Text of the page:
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What’s going on in Congo?

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With our support of such a wide network of projects in north-east Democratic Republic of Congo, we in Semiliki are constantly aware of the dangers that our friends face. Sometimes the stories are so bad we won’t share them, but we thought a brief update on what is going on would help our supporters to be more aware of some of the recent challenges.

DRC was meant to have had elections last December, but dates slip very easily when democratic processes are not well institutionalised. An upcoming event on 22nd March in London will discuss this. Current politics are intransigent, and there is still no meaningful sign of a social contract between government and people for the delivery of essential services. So poor people are constantly having to be as ingenious as possible to gather together enough to feed their families, send children to school and pay for health. Churches play such a vital role in providing, on behalf of the state, education and health at more affordable prices. The quality varies as the churches themselves have so little resources. One of our aims in Semiliki is to support our partners with the Anglican church in north east DRC, provide first line health services, and meet the enormous needs of orphans, widows and victims of violence.

Conflict is an ever-recurring feature in Congo. It used to be more confined to the east, but has erupted in unexpected places like the normally quieter central Kasaïs. The eastern provinces of Ituri and North and South Kivu, where the projects we support are based, have seen renewed violence. It has been unsafe to travel on roads to Beni, Butembo and Kamango in North Kivu because of a militia group that has become more emboldened after 30 years of disruption. Our friends in Kamango recently heard heavy shelling whizzing over their heads from neighbouring Uganda, which they thought was aimed at them but that was a counter attack on a rebel base nearby. These rebels had carried out a brutal attack on a UN peacekeeping base.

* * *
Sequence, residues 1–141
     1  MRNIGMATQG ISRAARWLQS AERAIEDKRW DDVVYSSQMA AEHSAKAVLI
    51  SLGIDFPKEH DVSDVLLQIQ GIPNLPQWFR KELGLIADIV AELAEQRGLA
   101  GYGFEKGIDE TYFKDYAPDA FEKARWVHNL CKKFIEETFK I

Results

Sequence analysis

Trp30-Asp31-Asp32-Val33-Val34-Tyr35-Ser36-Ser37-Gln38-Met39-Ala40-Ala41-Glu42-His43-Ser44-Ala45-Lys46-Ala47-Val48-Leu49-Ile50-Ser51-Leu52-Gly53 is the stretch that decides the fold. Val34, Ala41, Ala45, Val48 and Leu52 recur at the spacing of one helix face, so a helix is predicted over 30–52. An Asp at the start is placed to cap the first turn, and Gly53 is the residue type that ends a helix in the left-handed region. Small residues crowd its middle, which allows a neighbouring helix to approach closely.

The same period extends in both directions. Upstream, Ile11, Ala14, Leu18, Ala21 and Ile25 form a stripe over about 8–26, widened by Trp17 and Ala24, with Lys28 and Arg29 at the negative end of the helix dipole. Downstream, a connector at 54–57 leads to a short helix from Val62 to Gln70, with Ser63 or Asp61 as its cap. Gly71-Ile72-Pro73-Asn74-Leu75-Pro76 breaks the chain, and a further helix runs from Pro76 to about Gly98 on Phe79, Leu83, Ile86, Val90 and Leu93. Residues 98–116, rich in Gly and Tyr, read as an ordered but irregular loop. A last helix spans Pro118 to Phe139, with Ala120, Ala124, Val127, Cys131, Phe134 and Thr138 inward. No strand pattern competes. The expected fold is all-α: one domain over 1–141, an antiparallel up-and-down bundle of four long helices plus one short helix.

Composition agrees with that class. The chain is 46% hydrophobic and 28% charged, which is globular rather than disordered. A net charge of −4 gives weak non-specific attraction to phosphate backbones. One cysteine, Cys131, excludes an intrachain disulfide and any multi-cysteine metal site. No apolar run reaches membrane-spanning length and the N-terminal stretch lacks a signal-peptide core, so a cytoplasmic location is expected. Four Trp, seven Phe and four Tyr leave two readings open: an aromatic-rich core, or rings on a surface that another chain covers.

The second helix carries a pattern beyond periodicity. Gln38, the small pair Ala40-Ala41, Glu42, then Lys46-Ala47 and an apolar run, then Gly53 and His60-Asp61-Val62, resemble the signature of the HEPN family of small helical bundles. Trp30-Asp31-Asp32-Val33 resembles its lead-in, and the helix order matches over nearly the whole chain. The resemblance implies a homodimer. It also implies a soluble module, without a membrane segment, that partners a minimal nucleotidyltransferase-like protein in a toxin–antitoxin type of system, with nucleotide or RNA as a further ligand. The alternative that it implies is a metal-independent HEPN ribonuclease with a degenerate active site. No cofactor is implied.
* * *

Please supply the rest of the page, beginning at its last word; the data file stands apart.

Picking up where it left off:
In Ituri there was a terrible conflict between 1999 and 2006 involving ethnic groups but provoked by political events of the time. We had hoped and prayed that this was completely resolved, but since December there has been a sudden eruption of violence between different communities, including killing and burning of villages, and mass displacement. This has been well documented with satellite imagery. None of our friends can understand this return to conflict in areas that had been so peaceful, and many analysts suspect there are more sinister underlying reasons. The leader of the worldwide Anglican church, Justin Welby, who has visited our partners in Goma, raised a question in the UK House of Lords to highlight the upsurge in violence.

Your continued generosity helps us to support our partners in providing quality health services and compassionate care for some of the forgotten people of eastern DRC and helps us respond to urgent needs. We have recently, as just one example, provided money for medicines and perfusions to treat cholera outbreaks in Bukavu and Boga regions. The best way of financial support is by setting up a standing order or one off donation direct to our account by writing to our Semiliki Administrator Ruth, ruth.lockley@semiliki-trust.org.uk, or via our contact form.  You may also like to contribute to our appeal for kit for operating theatres (via the appeal site or directly to our account). We have now enough money to equip two and a quarter operating theatres! We hope to make the order in two weeks, so any last minute donations will be used very soon.

Opening of new operating theatre in Aru Cité Centre – needing equipping.

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